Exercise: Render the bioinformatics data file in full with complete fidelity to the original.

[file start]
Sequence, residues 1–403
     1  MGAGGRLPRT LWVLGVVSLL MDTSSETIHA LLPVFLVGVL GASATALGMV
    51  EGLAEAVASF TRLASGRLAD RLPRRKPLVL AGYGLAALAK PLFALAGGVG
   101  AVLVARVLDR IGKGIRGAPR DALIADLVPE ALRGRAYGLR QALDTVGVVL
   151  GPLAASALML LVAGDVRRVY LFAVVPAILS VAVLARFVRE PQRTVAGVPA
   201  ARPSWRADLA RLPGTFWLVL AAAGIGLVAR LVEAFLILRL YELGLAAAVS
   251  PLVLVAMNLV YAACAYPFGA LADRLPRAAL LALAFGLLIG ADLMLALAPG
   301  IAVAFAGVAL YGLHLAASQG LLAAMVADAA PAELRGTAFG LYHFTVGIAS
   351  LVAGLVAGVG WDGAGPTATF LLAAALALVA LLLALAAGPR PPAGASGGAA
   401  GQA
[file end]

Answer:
Sequence, residues 1–403
     1  MGAGGRLPRT LWVLGVVSLL MDTSSETIHA LLPVFLVGVL GASATALGMV
    51  EGLAEAVASF TRLASGRLAD RLPRRKPLVL AGYGLAALAK PLFALAGGVG
   101  AVLVARVLDR IGKGIRGAPR DALIADLVPE ALRGRAYGLR QALDTVGVVL
   151  GPLAASALML LVAGDVRRVY LFAVVPAILS VAVLARFVRE PQRTVAGVPA
   201  ARPSWRADLA RLPGTFWLVL AAAGIGLVAR LVEAFLILRL YELGLAAAVS
   251  PLVLVAMNLV YAACAYPFGA LADRLPRAAL LALAFGLLIG ADLMLALAPG
   301  IAVAFAGVAL YGLHLAASQG LLAAMVADAA PAELRGTAFG LYHFTVGIAS
   351  LVAGLVAGVG WDGAGPTATF LLAAALALVA LLLALAAGPR PPAGASGGAA
   401  GQA